You don’t have to wear a tinfoil hat, be a civil liberties activist, a pro-business lobbyist, or even an entrenched deep-state spook to recognize that security, convenience and privacy are in a perpetual state of conflict. Often, the solution to a real (or imagined) security threat is, somewhat counterintuitively, less privacy — or, more accurately, we are asked to trust various entities (the federal government, Google, AT&T, etc.) with more and more private data. Increasingly, this is not simply our Social Security numbers and mother’s maiden names, but it’s the unique biological bits and pieces that make us us.
We unlock our phones and other devices with our fingerprints, even though this may be our phone’s biggest vulnerability, according to The Verge. ERGO wants to use your ear, and Apple is doing what Microsoft has done with some of their Windows-based handsets and using your face to unlock your phone. If that isn’t enough, we track and store our health and location with any number of wearable devices and even “smart” mattress covers.
At virtually every major airport we are asked to step into a machine that could easily be mistaken for a cloning device and stand with our arms and legs outstretched, allowing a TSA agent to snap impossibly creepy, if not compromising, pictures of us.
In June, the South Wales Police will be scanning the faces of an estimated 170,000 Champions League Football fans in and around Principality Stadium. According to Vice, the images will then be compared, in real time, to a database of 500,000 images, alerting the police to any potential “person of interest.”
Over 2 million people, myself included, have given the privately held genomics company, 23andMe, access to their DNA.
So, it should come as no surprise that biometrics will soon be a common security feature on your credit and debit cards. Mastercard recently unveiled the “next generation biometric card,” which combines current chip technology with your fingerprint.
The gist of this card is to seamlessly integrate existing technology that merchants may have in place today with the advancements in the biometrics world, allowing for more security and a better shopping experience for customers. Once you register your information (including your fingerprint), you will be part of the system, which ultimately will cut down on fraud and other unwanted users (or usages) of your payment card.
In addition to incorporating your fingerprint, Mastercard has also partnered with biometrics company Nymi to test the viability of using your heartbeat as a form of authentication — a solution that makes me feel uncomfortable on a visceral level, though I don’t think I can explain why.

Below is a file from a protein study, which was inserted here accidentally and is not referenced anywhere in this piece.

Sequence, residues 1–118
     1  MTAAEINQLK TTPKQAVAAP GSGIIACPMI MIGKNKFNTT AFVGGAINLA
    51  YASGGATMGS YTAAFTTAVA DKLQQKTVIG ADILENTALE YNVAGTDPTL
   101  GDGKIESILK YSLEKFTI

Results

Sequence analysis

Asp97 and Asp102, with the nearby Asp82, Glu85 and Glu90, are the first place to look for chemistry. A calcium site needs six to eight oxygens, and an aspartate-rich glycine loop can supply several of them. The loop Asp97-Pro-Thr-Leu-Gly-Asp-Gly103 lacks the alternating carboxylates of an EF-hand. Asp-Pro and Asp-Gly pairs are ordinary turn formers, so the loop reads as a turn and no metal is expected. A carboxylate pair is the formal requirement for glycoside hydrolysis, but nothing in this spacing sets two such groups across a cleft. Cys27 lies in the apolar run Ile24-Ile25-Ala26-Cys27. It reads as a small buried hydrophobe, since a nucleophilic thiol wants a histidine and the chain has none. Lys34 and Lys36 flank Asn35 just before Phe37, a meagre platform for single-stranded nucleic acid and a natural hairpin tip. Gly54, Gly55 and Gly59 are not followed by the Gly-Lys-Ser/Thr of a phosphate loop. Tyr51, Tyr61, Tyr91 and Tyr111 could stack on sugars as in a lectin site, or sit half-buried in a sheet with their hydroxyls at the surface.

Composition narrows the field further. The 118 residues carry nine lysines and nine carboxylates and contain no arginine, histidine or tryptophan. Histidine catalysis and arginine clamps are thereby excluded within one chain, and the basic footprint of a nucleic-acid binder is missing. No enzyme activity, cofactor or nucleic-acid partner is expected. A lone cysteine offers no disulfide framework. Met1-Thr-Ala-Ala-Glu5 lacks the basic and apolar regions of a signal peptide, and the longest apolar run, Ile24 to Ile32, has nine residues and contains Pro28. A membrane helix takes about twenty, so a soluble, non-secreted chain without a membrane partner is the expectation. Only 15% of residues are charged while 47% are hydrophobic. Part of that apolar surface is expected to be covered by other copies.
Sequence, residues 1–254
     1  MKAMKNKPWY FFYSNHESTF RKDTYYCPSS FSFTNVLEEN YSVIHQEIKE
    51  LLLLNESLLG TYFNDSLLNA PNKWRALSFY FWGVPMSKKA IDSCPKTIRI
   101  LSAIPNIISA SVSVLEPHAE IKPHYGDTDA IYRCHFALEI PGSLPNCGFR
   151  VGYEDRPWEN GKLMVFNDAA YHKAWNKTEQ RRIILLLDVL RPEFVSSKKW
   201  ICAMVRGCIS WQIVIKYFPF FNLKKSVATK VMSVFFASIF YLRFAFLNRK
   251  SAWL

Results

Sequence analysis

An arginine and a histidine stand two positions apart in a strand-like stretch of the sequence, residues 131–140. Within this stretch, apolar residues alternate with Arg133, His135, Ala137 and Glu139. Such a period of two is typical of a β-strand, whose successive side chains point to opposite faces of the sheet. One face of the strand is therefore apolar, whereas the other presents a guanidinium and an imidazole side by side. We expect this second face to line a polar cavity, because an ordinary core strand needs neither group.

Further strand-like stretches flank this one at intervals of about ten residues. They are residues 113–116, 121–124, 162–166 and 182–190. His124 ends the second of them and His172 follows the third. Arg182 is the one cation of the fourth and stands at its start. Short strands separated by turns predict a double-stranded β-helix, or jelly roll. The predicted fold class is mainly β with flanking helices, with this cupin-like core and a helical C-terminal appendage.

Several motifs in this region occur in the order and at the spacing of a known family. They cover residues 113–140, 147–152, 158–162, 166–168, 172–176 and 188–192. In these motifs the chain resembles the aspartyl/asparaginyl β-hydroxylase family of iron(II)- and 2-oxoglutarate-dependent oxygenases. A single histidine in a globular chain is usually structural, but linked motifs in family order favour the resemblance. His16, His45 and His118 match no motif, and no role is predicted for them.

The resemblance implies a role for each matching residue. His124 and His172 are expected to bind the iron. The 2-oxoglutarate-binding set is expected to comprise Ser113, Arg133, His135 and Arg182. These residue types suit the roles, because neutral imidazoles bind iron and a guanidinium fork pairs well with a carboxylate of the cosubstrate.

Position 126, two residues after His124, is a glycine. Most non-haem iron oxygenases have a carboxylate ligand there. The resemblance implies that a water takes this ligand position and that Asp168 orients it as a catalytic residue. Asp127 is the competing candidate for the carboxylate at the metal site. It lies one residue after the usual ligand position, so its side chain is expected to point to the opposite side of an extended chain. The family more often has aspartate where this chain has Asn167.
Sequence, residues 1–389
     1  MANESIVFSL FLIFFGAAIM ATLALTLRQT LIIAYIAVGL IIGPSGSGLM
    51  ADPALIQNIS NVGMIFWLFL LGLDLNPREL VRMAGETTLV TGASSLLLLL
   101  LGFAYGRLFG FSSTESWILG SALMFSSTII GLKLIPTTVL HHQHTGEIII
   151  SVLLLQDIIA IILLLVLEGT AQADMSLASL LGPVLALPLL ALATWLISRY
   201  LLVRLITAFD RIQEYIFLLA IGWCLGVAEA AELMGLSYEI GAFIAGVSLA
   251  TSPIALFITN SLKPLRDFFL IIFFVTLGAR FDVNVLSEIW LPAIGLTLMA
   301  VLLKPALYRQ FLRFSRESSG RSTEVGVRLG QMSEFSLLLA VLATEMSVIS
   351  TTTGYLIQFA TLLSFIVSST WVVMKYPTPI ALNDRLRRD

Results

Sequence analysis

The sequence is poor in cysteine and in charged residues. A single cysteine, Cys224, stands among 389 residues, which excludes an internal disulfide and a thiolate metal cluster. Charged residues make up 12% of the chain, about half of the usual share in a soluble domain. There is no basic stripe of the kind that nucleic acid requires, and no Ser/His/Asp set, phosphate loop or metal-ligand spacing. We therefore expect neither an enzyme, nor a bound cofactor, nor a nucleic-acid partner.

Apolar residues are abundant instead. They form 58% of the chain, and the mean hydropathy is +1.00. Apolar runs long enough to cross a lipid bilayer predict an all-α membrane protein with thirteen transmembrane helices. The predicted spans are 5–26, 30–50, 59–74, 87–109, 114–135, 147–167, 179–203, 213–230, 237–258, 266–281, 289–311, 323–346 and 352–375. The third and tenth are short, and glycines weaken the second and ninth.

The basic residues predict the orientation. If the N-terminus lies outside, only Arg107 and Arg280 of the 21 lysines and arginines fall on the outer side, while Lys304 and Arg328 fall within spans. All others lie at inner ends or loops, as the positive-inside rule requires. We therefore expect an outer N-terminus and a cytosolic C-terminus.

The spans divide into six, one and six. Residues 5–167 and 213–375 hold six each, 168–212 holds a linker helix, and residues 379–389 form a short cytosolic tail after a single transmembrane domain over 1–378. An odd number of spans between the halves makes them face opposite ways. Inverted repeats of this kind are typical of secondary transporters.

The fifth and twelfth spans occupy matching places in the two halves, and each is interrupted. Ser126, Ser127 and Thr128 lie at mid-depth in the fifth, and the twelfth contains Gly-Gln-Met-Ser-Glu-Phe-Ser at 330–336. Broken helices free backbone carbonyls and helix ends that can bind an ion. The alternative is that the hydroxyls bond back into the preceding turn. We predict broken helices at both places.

To be clear, this technology is a big step forward in protecting consumers and retailers at the point of sale, and my intention is not to stoke unwarranted, ludditical fears of burgeoning technologies. I love technological advancements, risk and all. I’m a frequent early adopter, every room of my house is connected to various smart devices, my security cameras know when I leave the house, and Alexa has enabled me to be lazier than usual. I understand and accept that there is a real risk to linking my home to the “Internet of Things,” but as far as I can tell, very few new technologies pose such a uniquely personal risk.
As Samford University Associate Professor of Law Woodrow Hartzog told Wired:
“Biometrics are tricky. They can be great because they are really secure. It’s hard to fake someone’s ear, eye, gait, or other things that make an individual uniquely identifiable. But if a biometric is compromised, you’re done. You can’t get another ear.”
And while the exploit highlighted by The Verge that allows someone to “hack” your fingerprint is fairly primitive, there is no reason to think more sophisticated tricks won’t be developed. Add to that the near-weekly news of data breaches and leaks, and what confidence can you, as a consumer, have that your biometric data is any more secure than the petabytes of data leaked and/or stolen over the last few years?
The ability to securely process transactions and protect consumers from fraud and theft should hold the highest priority for every company tasked with handling sensitive data, but we need to make sure we are properly accounting for the risks, and — based on the reporting coming from media outlets like The Verge, Wired and Vice — the risks associated with incorporating biometric data appear to be quite high.
The average consumer can recover from a compromised password or PIN. You come up with a new password. You set up a new PIN. But how consumers recover from compromised biometric data is unclear, which means the folks clamoring to incorporate this new technology need to clearly understand the risks, develop consumer-friendly best practices, and establish a protocol that properly addresses the breaches that will occur before the bad guys find a way to turn your biometric data into a valuable black market commodity.
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